Development of an integrated building load and ground source heat pump model to assess heat pump and ground loop design and performance in a commercial office building

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2014-05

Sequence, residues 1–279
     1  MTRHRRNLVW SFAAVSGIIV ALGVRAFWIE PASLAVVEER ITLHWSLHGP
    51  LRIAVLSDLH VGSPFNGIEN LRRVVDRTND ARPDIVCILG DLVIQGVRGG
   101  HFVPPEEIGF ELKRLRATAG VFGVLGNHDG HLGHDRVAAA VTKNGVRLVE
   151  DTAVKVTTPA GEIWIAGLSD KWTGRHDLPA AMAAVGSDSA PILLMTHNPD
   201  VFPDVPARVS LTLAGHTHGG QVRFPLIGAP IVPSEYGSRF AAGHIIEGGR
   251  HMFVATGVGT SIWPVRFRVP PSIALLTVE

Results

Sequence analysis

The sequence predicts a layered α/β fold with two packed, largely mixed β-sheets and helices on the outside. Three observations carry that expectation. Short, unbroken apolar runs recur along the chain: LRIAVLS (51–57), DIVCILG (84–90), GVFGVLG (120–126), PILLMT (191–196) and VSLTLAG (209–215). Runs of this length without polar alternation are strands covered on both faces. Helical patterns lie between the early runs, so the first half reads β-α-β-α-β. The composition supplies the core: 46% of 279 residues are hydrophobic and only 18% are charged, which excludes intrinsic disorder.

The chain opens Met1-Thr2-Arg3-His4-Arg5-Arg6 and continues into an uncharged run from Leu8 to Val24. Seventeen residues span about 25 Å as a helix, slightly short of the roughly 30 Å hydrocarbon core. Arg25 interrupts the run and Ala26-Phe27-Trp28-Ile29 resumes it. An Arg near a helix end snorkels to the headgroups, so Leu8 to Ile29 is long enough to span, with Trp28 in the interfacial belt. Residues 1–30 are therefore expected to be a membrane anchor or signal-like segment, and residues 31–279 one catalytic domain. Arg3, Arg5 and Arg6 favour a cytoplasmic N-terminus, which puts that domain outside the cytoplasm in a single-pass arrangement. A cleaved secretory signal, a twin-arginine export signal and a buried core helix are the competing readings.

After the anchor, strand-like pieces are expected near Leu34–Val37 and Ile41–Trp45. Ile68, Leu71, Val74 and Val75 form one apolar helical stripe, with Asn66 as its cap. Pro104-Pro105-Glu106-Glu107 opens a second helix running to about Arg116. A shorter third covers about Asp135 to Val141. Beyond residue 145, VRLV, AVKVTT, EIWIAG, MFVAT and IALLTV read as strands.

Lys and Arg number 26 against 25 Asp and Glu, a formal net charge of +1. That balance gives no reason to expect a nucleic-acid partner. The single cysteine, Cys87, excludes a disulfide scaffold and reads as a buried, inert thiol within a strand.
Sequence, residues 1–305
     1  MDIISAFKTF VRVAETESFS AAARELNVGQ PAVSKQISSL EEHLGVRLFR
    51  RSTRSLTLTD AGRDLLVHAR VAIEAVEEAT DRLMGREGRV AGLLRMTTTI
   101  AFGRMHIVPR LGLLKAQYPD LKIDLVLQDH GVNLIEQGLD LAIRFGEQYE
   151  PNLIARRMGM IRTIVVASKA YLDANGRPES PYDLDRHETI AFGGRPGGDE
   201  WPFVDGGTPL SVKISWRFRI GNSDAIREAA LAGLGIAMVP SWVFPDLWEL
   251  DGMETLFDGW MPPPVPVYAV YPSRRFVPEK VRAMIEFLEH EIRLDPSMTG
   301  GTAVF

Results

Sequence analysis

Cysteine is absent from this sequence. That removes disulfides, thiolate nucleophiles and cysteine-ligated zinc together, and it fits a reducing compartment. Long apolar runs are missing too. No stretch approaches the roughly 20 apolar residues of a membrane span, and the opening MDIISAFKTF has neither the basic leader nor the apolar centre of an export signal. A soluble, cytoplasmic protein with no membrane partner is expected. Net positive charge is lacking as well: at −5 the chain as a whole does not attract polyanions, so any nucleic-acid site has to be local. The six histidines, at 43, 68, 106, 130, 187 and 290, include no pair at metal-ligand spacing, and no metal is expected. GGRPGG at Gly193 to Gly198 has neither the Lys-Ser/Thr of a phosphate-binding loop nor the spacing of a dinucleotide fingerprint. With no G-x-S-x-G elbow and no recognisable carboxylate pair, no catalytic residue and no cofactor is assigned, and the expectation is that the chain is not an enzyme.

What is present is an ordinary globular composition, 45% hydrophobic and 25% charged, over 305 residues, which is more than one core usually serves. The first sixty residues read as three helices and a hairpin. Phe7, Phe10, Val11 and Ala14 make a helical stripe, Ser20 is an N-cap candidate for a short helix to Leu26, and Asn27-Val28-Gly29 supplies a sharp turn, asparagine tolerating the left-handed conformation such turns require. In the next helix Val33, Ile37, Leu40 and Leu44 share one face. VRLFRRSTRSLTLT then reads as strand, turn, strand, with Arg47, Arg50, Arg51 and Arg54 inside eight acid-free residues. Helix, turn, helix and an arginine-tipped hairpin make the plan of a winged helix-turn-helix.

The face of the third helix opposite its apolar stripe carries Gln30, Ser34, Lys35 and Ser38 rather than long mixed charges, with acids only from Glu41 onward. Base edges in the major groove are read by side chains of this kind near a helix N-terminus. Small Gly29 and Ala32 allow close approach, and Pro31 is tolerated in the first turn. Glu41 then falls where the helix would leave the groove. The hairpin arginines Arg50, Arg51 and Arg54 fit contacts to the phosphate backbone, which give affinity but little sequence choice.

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Ground source heat pumps (GSHPs) offer an efficient method for cooling and heating buildings, reducing energy usage and operating cost. In hot, arid regions such as Texas and the southwest United States, building load imbalance towards cooling causes design and performance challenges to GSHP systems in residential and commercial building applications. An integrated building load and GSHP model is developed in this thesis to test approaches to reduce GSHP cost, to properly size ground heat exchanger (GHEX) installations and to offer methods to improve GSHP performance in commercial buildings. The integrated model is comprised of a three-story office building, heat pumps, air handling system and a GHEX. These component models were integrated in the Matlab® Simulink® modeling environment, which allows for easy model modification and expansion. The building-load model was developed in HAMBASE, which simulates the thermal and hygric response of each zone in the building to external weather and internal loads. The building-load model was validated using the ASHRAE 140-2007 Standard Method of Test and with results from EnergyPlus. The heat pump model was developed as a performance map, based on data commonly provided by heat pump manufacturers. This approach allows for easy expansion of the number and type of heat pump models supported. The GHEX model was developed at Oklahoma State University and is based on Eskilson’s g-function model of vertical borehole operation. The GHEX model accurately represents the interaction between boreholes and the ground temperature response over short and long time-intervals. The GHEX model uses GLHEPRO files for parameter inputs. Long time-interval simulations of the integrated model are provided to assess the sensitivity of the GSHP system to various model parameters. These studies show that: small changes in the total GHEX length reduce system cost with minimal impact on performance; increased borehole spacing improves system performance with no additional cost; supplemental heat rejection reduces installation costs and improves system performance; industry-recommended design cutoff temperatures properly size the GHEX system; and, while cooling is the greatest contributor to operating cost in the southwest and southcentral United States, heating is the limiting design case for GHEX sizing.

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